City of Tuscola dedicates Sept. 24 to Linda Metheny Mulvihill
By Dominik Stallings
Tuscola local Linda Metheny-Mulvihill joined the University of Illinois’ Athletic Hall of Fame Sept. 23. Through a mayoral declaration, the City of Tuscola declared Sept. 24 to be “Linda Metheny Mulvihill day” in honor of her achievements as an Olympic athlete and Tuscola ambassador. She will also receive a sign on U.S. Rt. 36, which reads “Home of Linda Metheny Mulvihill.”
Metheny received the proclamation from Mike Carroll and another award from Max Albritton during a class of 1965 Tuscola High School reunion. Albritton’s gift to her was an award to the Class of 1965 Hall of Fame. A personal award to her for being an influential member of the class. Metheny graduated Tuscola High School in 1965 and graduated as a James Scholar at the University of Illinois with a bachelor’s of arts and master of arts in fine and applied arts in 1969.
“It’s amazing to me that Max Albritton keeps the class united,” said Metheny. “I appreciate the support of my hometown.”
The Hall of Fame celebration in Champaign inducted 14 other members, with athletes and coaches from football, basketball, soccer, swimming, golf, softball, wrestling and track and field. The ceremony was a special one, in tandem with the 50th anniversary of title lX, four of the athletes were associated with the university before title lX existed. Metheny was one of those four athletes. Title IX protects people from discrimination based on sex in education programs or activities that receive federal financial assistance.
Metheny has a long career, which started in Tuscola with one influential figure in her life, Peg Pettit, who coached Metheny and several other children in acrobatics and ballet. Metheny recalled begging her mother to let her take part because she wanted to be involved in the sport.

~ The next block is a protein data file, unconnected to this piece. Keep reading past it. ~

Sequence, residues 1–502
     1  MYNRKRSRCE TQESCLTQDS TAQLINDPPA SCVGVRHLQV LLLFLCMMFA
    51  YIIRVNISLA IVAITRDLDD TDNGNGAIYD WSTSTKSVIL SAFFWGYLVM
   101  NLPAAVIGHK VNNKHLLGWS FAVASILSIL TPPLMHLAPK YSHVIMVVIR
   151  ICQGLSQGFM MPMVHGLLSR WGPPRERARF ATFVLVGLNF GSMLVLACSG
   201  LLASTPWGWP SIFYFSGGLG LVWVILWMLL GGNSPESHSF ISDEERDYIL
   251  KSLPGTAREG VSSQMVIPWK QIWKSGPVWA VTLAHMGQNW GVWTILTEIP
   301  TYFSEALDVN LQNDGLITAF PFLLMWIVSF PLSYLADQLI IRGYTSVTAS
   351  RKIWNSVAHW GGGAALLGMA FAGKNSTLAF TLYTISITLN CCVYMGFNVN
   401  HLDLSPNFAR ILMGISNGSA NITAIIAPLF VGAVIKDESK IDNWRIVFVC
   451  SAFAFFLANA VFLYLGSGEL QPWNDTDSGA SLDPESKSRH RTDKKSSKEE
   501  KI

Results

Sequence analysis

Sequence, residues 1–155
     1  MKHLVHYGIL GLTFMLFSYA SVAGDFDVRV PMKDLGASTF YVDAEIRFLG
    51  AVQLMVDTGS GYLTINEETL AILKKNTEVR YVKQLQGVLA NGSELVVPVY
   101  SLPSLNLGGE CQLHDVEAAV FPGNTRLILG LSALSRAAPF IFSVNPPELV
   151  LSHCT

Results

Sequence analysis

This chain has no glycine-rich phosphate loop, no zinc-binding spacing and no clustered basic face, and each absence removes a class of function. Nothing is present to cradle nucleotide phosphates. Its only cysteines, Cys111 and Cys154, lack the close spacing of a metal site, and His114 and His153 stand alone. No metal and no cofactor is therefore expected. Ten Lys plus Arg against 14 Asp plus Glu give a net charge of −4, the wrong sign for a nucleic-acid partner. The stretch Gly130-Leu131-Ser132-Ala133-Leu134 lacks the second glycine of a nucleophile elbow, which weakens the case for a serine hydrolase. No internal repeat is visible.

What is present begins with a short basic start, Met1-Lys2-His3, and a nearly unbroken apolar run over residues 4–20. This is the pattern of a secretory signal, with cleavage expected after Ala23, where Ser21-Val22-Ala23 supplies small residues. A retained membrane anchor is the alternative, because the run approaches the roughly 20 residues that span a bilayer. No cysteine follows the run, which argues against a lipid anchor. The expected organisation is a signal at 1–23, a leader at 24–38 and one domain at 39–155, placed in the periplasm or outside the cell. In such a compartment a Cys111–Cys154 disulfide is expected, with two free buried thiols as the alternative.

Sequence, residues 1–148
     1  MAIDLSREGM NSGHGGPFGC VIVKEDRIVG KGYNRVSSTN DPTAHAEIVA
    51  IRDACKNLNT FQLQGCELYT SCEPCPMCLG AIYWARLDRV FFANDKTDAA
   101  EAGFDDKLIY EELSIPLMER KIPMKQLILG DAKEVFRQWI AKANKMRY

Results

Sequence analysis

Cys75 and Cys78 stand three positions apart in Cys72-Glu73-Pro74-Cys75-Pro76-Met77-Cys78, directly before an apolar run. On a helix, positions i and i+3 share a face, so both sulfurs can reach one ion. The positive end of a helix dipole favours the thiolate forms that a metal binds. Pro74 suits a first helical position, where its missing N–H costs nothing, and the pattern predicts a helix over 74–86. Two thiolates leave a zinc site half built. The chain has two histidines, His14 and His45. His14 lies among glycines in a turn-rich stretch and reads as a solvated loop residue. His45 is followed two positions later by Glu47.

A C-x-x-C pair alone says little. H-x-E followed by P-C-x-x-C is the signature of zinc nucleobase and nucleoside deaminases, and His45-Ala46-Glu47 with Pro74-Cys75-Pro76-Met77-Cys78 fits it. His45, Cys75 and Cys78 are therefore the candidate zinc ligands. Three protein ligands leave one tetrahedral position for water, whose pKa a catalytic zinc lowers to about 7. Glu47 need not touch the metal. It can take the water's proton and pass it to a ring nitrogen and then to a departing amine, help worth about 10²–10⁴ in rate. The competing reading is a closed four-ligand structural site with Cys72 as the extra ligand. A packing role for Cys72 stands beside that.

“I felt it in my soul, that movement was important to me,” said Metheny.
Metheny learned everything she could from Pettit, who recognized that Metheny had stretched the limits her coaching, so she took Metheny to Champaign to train with Charlie Pond, a coaching legend at the University of Illinois. He usually trained men in gymnastics, but back in the day, had a club where he trained boys and girls how to tumble.
It wasn’t much longer until Metheny went to the Olympics for the first time. What’s more unusual, she went while she was still in high school. She made the Olympic team as a junior at Tuscola High School and later went to the 1974 Tokyo Olympics as a senior and all-around competitor. She also went to the Olympics in 1968 in Mexico City, and 1972 in Munich.
Over her career, Metheny became the first American woman gymnast to make the Olympic Event Finals, with a best finish of fourth place on the balance beam in 1968.
She also won seven gold medals at the Pan American Games in 1967 and 1971. She was the National Elite All-Around Champion five times, which were held by the Amateur Athletic Union and the United States Gymnastics Federation. She competed as the only member of the women’s gymnastics team in the era before AIAW and NCAA Competition. In total, she’s won at least 18 national titles. Metheny retired from competition and began coaching in 1973 and opened the National Academy of Artistic Gymnastics. The academy has trained 17 Olympians and 75 national champions since then.
She co-coached both American and foreign gymnasts who made 1976, 1980 and 1984 Olympic teams. She was named the USGF Choreographer of the Year in 1989.
Metheny doesn’t just coach; she’s also a renowned judge, being recognized as one of the highest ranked gymnastic judges in the United States. She’s judged the World Championships for gymnastics in 1994, 1995, 2002 and 2003 the Olympics in 1996 and 2000, the 2000 Wolrd Cup Finals. She’s judged championships in the United States through to 2011.
Linda Metheny has three children with her husband Dick, Dani Jo, David and Matthew. All three of them are gymnastic athletes but then went into diving, baseball and soccer, respectively.
“You have to have a passion and love for what you’re doing. Whatever it is.” said Metheny, “ You have to keep thriving to appreciate the struggles and the triumphs of the journey so you can look back and realize it’s what you wanted to do.”